Reading: “Having begun in the Spirit, are ye now made perfect by the flesh?”—Galatians 3:3

Consider the church of Galatia, which set out on true gospel principles, yet very soon turning to seek justification by works. On what are you building your hopes of salvation? Is it simply on Christ, or are you mingling something of your own works with the blood and righteousness of Jesus by way of justification? See to it that there is no reserve, no limitations, nothing to qualify the plain and direct answer to the apostle’s words. See to it that having begun in the Spirit, you may truly say that you do not seek to be made perfect by your own works.

If this is your case, you have learned to make a very proper distinction between the great object of faith, which is Christ alone, and the fruits and effects of that faith, which are the gracious influences that Jesus, by His Holy Spirit, has worked in your heart. It is very blessed and desirable, to let the world, both of saints and of sinners, see our light so shine before them, that it may be not the subject of doubt, whose we are, and whom we serve.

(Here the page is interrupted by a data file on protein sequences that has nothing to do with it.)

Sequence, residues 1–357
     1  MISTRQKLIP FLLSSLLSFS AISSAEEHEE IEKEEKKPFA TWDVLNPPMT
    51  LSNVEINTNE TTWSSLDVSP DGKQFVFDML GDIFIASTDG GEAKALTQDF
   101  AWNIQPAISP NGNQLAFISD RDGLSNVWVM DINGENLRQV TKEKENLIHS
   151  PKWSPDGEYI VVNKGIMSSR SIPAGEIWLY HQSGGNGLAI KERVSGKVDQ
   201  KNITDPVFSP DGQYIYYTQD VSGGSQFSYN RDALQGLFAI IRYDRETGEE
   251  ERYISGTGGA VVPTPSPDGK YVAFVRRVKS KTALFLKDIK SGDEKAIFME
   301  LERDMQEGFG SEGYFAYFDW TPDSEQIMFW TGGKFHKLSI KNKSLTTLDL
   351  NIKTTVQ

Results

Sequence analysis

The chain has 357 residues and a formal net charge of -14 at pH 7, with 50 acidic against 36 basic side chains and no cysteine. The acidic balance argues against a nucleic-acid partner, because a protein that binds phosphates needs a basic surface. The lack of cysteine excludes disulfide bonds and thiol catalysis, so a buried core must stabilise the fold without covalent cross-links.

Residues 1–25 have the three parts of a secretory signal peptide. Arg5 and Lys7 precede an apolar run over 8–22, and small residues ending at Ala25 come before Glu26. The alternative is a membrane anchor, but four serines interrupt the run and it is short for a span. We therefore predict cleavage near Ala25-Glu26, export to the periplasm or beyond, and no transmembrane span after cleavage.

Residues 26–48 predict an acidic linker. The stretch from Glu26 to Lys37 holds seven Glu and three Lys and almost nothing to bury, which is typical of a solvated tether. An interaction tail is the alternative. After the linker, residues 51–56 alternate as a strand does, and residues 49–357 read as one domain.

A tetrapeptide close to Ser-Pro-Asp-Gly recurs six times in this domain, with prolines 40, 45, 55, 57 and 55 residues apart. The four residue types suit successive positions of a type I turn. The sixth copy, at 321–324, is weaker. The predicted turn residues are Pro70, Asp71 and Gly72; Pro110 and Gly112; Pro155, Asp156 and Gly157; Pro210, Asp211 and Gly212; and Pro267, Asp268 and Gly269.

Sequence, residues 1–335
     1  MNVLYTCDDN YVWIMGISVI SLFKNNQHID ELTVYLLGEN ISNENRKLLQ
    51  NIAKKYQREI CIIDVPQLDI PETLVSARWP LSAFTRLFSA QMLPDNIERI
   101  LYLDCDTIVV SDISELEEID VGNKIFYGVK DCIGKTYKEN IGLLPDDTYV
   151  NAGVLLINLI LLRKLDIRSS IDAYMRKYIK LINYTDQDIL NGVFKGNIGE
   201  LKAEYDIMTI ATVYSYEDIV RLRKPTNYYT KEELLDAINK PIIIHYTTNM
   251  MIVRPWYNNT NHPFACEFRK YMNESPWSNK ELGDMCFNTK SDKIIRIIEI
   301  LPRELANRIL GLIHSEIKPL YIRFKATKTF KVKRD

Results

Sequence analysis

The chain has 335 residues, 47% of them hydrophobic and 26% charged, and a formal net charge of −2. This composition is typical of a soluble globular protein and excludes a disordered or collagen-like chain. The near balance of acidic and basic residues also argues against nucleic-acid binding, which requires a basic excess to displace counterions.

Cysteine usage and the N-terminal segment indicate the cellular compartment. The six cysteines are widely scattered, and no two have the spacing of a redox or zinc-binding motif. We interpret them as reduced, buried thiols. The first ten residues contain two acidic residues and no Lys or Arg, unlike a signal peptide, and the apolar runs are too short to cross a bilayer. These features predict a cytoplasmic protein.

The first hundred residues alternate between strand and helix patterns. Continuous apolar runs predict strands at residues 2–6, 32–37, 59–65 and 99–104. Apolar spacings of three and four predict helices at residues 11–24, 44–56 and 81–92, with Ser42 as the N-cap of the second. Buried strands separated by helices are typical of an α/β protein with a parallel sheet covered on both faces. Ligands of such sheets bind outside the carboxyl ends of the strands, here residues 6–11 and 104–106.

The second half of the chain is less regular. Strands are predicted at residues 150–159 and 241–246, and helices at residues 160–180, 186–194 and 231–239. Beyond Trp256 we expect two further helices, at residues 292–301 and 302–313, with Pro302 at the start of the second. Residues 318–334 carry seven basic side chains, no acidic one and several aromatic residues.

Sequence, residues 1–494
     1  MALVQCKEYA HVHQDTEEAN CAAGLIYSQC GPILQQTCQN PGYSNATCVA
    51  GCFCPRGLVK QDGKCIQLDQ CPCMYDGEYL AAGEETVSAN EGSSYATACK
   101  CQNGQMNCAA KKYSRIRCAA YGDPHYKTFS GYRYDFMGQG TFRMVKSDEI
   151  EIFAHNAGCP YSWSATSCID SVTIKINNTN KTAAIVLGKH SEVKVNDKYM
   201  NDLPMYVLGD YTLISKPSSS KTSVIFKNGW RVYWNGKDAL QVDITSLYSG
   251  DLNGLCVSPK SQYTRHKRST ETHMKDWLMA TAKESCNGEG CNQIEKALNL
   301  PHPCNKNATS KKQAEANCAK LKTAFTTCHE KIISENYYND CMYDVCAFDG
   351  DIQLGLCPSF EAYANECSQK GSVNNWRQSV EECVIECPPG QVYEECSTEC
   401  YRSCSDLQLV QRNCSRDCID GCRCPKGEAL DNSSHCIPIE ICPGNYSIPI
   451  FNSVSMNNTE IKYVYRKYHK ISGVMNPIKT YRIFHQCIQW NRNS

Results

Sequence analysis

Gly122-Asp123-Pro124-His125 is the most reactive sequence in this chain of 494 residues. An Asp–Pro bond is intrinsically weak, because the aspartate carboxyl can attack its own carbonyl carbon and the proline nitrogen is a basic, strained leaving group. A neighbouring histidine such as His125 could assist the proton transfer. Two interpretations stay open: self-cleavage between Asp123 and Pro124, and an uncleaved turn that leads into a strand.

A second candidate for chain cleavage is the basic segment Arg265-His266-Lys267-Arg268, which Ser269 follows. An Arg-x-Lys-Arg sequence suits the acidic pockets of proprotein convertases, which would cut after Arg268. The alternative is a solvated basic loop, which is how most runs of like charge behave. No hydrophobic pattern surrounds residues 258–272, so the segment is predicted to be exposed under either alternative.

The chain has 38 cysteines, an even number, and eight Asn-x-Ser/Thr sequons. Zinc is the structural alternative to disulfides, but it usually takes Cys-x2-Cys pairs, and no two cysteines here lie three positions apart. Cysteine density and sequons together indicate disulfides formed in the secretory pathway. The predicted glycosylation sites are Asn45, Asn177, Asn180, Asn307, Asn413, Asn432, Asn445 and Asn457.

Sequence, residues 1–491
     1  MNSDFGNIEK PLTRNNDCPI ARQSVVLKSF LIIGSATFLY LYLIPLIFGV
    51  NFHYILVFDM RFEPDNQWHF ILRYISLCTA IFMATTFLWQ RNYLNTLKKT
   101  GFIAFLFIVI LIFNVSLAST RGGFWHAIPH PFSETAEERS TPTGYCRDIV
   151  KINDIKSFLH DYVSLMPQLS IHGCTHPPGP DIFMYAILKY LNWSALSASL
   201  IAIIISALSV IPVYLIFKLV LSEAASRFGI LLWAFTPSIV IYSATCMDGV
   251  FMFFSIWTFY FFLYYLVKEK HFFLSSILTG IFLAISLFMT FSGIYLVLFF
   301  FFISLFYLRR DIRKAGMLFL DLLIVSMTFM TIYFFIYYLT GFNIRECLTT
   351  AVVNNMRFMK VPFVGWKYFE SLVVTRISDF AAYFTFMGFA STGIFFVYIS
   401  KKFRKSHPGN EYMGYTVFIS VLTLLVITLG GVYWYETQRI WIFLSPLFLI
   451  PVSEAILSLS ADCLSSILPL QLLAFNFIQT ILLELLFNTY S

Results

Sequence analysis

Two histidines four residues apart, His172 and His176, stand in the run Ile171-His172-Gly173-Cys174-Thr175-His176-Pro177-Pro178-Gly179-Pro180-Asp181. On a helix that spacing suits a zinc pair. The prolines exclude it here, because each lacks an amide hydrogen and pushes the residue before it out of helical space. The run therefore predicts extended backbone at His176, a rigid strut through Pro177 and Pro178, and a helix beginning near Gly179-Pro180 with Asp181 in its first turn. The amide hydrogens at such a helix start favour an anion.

But, if any attainments, which grace has blessed me with, are made a part saviour in my views of justification—and I am not looking wholly to Jesus for this great work—it is certain that I am now turning aside to the flesh. Moreover, if what I feel, and what I enjoy in the fruits and effects of faith, are made part of my hopes and confidence; alas, when those feelings, and enjoyments abate, my hopes and confidence will abate also.

And is it not, from this very cause, that so many precious souls go in leanness all their days, sometimes feeling hope, but for the most part, exercised with doubts and fears, according to what they feel, and not what Jesus is in their view, and because in themselves, they are looking for somewhat that may give a greater confidence in Christ?—Author and the Finisher of salvation?

Taken from The Poor Man’s Evening and Morning Portions by Rev. Robert Hawker, Works, Vol. 8; 1830. Edited by Aaron Dunlop for thinkgospel.com ©2013.